The Marine Corps Medal of Honor Recipients

Featuring Marine Medal of Honor Recipients From WWII-Korea-Viet Nam And Iraqi Freedom

First Lieutenant

United States Marine Corps Reserve

Richard K. Sorenson


Private Richard K. Sorenson
United States Marine Corps Reserve

For conspicuous gallantry and intrepidity at the risk of his life above and beyond the call of duty while serving with an assault battalion attached to the Fourth Marine Division during the battle of Namur Island, Kwajalein Atoll, Marshall Islands, on February 1-2, 1944. Putting up a brave defense against a particularly violent counterattack by the enemy during invasion operations, Private Sorenson and five other Marines occupying a shellhole were endangered by a Japanese grenade thrown into their midst. Unhesitatingly, and with complete disregard for his own safety, Private Sorenson hurled himself upon the deadly weapon, heroically taking the full impact of the explosion. As a result of his gallant action, he was severely wounded, but the lives of his comrades were saved. His great personal valor and exceptional spirit of self-sacrifice in the face of almost certain death were in keeping with the highest traditons of the United States Naval Service.

Franklin D. Roosevelt
President of the United States

Master Sergeant Richard Keith Sorenson, of New Brighton, Minnesota, was awarded the Medal of Honor for his heroism at Kwajalein Atoll the night of 1-2 February 1944, when he threw himself on an exploding Japanese grenade to save the lives of five fellow Marines. Miraculously, although fragments of the grenade ripped through his thighs, hips, right arm and right leg, he lived through the action.

Then a private, he was serving with Company M, 3d Battalion, 24th Marines, 4th Marine Division, when he earned the Nation's highest decoration.

After recovering from the wounds he suffered in this action and serving at several stations in the United States, he was discharged from the Marine Corps as a sergeant in 1946, but enlisted in the Marine Corps Reserve the following year. He was recalled to active duty in 1950 (later transferring to the regular Marine Corps), and had risen to the rank of master sergeant before he was appointed a temporary second lieutenant on 16 October 1953. The following year, he was promoted to first lieutenant, but on 18 November 1955, he voluntarily reverted to the rank of master sergeant in order to be discharged once more. He returned to civilian life the same day.

The son of a World War I Navy man, Richard Keith Sorenson was born 28 August 1924, in Anoka, Minnesota, where he graduated from high school in 1942. He enlisted in the Marine Corps on 13 December of that same year, in Minneapolis, and in January 1943, began his boot training at the Marine Corps Recruit Depot, San Diego, California. That March he completed boot camp, and the following month, he joined Company M, 3d Battalion, 24th Marines, at Camp Pendleton, California. There, he underwent intensive training with that unit before sailing with it for Kwajalein on 11 January 1944.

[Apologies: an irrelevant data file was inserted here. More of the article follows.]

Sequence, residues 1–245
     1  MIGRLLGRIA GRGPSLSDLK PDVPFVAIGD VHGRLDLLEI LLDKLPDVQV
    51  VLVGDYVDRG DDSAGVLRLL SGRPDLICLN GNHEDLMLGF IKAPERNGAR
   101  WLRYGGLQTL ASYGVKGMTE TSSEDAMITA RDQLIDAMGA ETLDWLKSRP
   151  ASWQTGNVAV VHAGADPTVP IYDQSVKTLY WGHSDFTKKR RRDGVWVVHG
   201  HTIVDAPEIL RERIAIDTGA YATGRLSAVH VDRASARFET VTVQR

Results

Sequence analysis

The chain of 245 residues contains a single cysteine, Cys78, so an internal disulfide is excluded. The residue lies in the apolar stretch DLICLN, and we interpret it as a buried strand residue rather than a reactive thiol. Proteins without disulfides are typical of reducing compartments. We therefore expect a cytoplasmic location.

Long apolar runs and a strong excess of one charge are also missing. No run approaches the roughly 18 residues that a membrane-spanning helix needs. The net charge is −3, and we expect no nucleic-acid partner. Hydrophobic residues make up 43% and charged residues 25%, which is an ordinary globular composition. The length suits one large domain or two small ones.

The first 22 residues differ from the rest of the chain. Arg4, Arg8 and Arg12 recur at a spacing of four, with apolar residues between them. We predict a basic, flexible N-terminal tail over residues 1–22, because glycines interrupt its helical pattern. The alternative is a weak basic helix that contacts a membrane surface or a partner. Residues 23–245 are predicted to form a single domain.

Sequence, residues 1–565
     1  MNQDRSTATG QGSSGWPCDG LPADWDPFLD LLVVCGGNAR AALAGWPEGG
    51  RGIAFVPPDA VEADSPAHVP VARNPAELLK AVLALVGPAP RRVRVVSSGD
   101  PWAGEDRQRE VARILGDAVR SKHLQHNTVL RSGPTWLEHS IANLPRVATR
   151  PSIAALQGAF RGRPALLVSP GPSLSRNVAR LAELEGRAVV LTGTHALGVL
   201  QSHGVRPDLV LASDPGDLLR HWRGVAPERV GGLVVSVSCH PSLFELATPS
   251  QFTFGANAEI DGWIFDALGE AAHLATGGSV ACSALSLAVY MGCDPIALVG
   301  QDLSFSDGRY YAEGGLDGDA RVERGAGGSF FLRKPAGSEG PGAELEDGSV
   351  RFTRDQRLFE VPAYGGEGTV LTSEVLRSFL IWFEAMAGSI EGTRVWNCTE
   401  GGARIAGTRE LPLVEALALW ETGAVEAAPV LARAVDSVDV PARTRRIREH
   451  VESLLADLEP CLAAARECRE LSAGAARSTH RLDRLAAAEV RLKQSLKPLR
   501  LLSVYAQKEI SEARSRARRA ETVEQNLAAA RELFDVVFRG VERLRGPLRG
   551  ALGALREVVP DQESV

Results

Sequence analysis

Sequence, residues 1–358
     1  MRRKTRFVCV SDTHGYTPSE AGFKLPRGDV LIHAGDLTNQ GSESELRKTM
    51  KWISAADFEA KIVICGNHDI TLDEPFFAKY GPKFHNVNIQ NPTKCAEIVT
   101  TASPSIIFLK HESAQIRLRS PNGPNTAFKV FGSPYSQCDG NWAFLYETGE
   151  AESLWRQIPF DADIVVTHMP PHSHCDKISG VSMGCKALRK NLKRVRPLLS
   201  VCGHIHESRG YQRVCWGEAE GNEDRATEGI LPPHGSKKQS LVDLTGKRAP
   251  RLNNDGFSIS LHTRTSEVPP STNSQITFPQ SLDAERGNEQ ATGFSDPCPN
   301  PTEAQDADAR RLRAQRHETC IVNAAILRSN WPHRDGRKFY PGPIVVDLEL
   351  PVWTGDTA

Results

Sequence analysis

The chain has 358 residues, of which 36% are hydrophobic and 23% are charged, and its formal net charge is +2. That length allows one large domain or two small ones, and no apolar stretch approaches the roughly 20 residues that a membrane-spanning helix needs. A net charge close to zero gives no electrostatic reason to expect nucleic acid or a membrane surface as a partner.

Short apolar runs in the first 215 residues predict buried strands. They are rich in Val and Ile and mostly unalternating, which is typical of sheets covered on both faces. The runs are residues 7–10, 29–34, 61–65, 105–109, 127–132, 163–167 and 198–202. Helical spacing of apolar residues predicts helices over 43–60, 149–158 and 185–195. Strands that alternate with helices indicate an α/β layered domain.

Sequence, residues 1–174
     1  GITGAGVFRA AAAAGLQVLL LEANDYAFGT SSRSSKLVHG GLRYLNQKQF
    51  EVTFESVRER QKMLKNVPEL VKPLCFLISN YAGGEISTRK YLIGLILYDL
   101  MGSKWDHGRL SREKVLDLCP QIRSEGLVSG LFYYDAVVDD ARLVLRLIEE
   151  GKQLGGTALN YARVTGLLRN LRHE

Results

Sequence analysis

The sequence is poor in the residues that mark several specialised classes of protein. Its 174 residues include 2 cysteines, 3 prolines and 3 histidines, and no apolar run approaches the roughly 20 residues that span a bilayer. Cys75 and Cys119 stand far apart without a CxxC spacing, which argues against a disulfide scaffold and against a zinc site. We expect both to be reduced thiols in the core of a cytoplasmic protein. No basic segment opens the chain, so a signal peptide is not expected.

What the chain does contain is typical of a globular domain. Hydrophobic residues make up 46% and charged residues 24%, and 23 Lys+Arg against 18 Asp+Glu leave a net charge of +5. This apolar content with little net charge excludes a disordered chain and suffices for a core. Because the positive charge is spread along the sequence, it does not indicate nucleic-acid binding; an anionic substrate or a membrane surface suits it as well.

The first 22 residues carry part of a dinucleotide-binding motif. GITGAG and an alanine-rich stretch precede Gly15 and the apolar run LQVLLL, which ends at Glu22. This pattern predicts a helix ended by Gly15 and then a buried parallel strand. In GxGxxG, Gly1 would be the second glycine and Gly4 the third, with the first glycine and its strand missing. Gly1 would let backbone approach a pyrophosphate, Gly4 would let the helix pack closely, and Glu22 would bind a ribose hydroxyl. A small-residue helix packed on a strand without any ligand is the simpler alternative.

Private Sorenson landed with his battalion at Namur on 1 February and after being wounded that night, he was treated aboard a transport, enroute to Hawaii. He was hospitalized at Pearl Harbor until May, when he was transferred to the U.S. Naval Hospital in Seattle, Washington, and there, on 19 July 1944, a month after being promoted, PFC Sorenson was presented the Medal of Honor by MajGen Joseph C. Fegan, then commanding the Department of the Pacific.

Released from the hospital later in July, PFC Sorenson was ordered to the Marine Air Detachment at the Naval Air Station, Minneapolis, where he was promoted to corporal that August. The following month he was assigned to the headquarters of the Central Recruiting Division in Chicago, Illinois, and promoted to sergeant. He was transferred from Chicago to the Midwestern Recruiting Division in St. Louis, Missouri, in September 1945, and while attached to that division, served at the Marine Corps Recruiting Station, Fargo, North Dakota. From there he was ordered to Great Lakes, Illinois, where he was discharged 23 February 1946.

Back in civilian life, he worked as a contact representative for the Veterans Administration in Minneapolis and Alexandria, Minnesota. He also attended St. Johns University at Collegeville, Minnesota, and enlisted in the Marine Corps Reserve on 10 July 1947. He was ordered back to extended active duty on 17 November 1950, and for the next three years, was stationed at the Marine Corps Recruiting Station in Minneapolis. There, he was promoted to staff sergeant in May 1951, and to master sergeant in June 1953. In November 1953, following his appointment as a second lieutenant, he was ordered to the Marine Corps Schools at Quantico, Virginia, where he completed the Basic Course for Marine officers in April 1954.

After that, he served as Assistant Supply Officer of the 7th Engineer Battalion at Camp Pendleton, where he was appointed a first lieutenant in September 1954. He was transferred to the 2nd Replacement Battalion at Camp Pendleton in January 1955, and that March, was ordered overseas for duty with the 3d Engineer Battalion, 3d Marine Division. With that unit he served in Japan and on Okinawa before returning to the United States that November to be discharged after voluntarily reverting back to the rank of master sergeant.

In addition to the Medal of Honor and the Purple Heart Medal he received for the wounds he suffered at Kwajalein, MSgt Sorenson holds the Marine Corps Good Conduct Medal with one bronze star; the Asiatic-Pacific Area Campaign Medal with one bronze star; the American Area Campaign Medal; the World War II Victory Medal and the National Defense Service Medal.


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